Chinese e-commerce giant Alibaba has sought to strengthen the protection of intellectual property on online marketplaces in China after signing an agreement with the China-Britain Business Council.
The strategic co-operation agreement, which builds on an existing partnership signed between the two organisations in 2014, has been described as “ground breaking” and will enhance IP rights protections for UK-based firms looking to do business in China, including support in IP infringement prevention and enforcement.
“The signing of this agreement is a significant step in protecting the interests of UK companies in China,” said Jeff Astle, managing director of China operations at the China-Britain Business Council (CBBC). “There are clear and ambitious commitments on both sides and CBBC are confident about the impact our co-operation will have on the healthy growth of Chinese e-commerce and what that means for international brands here.”
The agreement, according to Alibaba news service Alizila, will see: increased training for small and medium-sized enterprises, as well as larger entities, on processes for removal of IP-infringing listings; enhanced pre-emptive measures to stop infringing content from appearing online; greater knowledge sharing between UK brands, the CBBC and Alibaba; and strengthened offline cross-border law enforcement co-operation.
“Alibaba is delighted to strengthen its relationship with CBBC through this expanded agreement,” said Jessie Zheng, Alibaba’s chief platform governance officer. “We will continue to build the trust that UK brands place in Alibaba while continuing our leadership role in IPR protection within the e-commerce industry.”
The new agreement builds on three years of collaboration fighting IP infringement, which had involved Alibaba agreeing to work with CBBC member companies to remove infringing listings from online marketplaces and providing guidance on how to use the e-commerce giant’s IP protection and notice-and-takedown systems.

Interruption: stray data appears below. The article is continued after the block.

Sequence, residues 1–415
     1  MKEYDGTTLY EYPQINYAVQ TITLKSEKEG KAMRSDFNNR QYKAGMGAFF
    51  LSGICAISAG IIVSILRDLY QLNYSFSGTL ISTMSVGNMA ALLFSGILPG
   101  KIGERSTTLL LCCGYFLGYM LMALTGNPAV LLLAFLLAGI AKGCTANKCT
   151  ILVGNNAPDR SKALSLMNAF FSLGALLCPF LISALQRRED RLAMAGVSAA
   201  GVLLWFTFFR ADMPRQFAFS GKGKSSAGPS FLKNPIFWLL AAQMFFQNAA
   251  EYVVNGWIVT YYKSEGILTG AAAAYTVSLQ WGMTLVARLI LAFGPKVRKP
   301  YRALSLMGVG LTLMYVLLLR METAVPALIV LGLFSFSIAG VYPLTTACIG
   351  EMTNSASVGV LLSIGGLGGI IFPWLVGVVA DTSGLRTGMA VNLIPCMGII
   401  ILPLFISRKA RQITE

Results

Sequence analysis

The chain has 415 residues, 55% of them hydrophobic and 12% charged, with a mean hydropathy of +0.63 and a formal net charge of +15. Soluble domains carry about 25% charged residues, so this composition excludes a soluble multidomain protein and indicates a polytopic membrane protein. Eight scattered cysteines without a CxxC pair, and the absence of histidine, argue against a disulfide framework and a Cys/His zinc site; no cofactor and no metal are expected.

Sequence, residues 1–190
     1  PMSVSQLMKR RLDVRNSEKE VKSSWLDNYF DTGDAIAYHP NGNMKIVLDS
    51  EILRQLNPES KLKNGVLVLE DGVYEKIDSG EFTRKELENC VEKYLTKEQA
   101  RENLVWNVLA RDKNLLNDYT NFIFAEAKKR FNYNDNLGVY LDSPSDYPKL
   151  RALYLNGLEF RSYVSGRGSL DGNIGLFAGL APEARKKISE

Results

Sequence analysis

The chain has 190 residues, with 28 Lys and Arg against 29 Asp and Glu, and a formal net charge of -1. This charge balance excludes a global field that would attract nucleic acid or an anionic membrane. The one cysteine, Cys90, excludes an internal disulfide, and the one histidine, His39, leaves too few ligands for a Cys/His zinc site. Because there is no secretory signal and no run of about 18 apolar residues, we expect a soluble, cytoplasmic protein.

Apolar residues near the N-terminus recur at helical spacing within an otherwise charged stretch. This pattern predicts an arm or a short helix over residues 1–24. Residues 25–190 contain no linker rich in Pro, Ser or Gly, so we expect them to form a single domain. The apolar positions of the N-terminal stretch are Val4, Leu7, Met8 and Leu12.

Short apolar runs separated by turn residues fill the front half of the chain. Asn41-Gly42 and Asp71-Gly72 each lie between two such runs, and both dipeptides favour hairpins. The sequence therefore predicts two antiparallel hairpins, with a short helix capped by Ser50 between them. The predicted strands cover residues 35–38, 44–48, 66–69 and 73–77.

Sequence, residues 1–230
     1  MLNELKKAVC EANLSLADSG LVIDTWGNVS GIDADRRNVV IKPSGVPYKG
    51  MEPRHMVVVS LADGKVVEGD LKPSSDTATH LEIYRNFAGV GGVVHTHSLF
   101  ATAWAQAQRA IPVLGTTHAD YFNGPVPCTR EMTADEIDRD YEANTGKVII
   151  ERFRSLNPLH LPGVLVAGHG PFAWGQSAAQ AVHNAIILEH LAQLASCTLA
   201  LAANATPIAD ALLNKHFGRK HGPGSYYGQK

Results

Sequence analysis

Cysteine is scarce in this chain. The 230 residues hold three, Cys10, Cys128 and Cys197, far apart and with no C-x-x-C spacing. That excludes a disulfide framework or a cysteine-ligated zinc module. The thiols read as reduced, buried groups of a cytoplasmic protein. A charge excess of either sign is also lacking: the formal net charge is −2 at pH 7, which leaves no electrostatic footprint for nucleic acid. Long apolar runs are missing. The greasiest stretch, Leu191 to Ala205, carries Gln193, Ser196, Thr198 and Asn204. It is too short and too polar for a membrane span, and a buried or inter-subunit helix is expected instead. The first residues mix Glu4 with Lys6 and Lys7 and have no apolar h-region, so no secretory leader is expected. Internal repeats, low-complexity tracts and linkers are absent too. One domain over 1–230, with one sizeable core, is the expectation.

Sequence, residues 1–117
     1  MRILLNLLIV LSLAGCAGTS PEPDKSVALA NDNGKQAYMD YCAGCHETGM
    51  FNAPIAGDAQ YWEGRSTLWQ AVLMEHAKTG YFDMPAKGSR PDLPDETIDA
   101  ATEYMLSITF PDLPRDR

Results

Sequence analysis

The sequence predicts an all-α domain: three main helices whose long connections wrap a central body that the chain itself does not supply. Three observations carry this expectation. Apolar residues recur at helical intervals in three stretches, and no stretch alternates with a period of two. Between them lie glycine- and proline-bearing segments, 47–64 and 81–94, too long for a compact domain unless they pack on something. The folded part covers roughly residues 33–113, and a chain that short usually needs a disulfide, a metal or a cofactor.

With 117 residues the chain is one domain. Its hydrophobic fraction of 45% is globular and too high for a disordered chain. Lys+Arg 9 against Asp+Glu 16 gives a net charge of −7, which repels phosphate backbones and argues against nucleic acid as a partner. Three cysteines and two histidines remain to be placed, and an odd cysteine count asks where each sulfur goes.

Successes achieved as a result of the initial collaboration included a major offline enforcement action against a criminal network of fake lubricant manufacturers covering six Chinese provinces, which was Alibaba’s highest value offline action of 2015, and pioneering a new co-operation model with Chinese Customs and police in tracking imported counterfeit products from abroad. There was also a successful pilot project around expedited protection of designs.
Tim Moss, chief executive officer and controller general of the UK’s Intellectual Property Office, said the initial collaboration had been successful in reducing infringing behaviour online. “It strengthens IP protection for brand owners and increases consumer confidence that their online purchases are legitimate products. The UK Government is proud to support industry initiatives like this to help IP rights owners and consumers alike.”
The expanded agreement was welcomed by a number of UK brands, which were present at the signing, including Unilever, Reckitt Benckiser, Dyson, BP, and the Scotch Whisky Association, stating that the agreement provided a collaborative platform to identify and shutdown counterfeit networks selling fakes to the Chinese market.
“Co-operating with CBBC and Alibaba over the last three years has made it quicker and easier for us to protect Dyson’s distinctive designs,” said Gill Smith, group IP director at household appliance firm Dyson. “Thanks to the CBBC-Alibaba collaboration on IP, we have been able to remove more fakes from e-commerce sites than ever before. Their support makes a real difference to our ability to protect consumers from poor-quality imitation products.”
The positive feedback will be music to Alibaba’s ears given the criticisms it has faced recently over the persistence of fakes on its platforms. The company is wanting to push a more socially responsible image as it steps up its efforts to crackdown on counterfeits in a bid to woo consumers and brands. This year alone the marketplace has introduced a more streamlined process for takedown requests and formed the Alibaba Anti-Counterfeiting Alliance with 30 brands. In October it announced it was banning the listing of car airbag components on its platform to prevent the sale of counterfeits.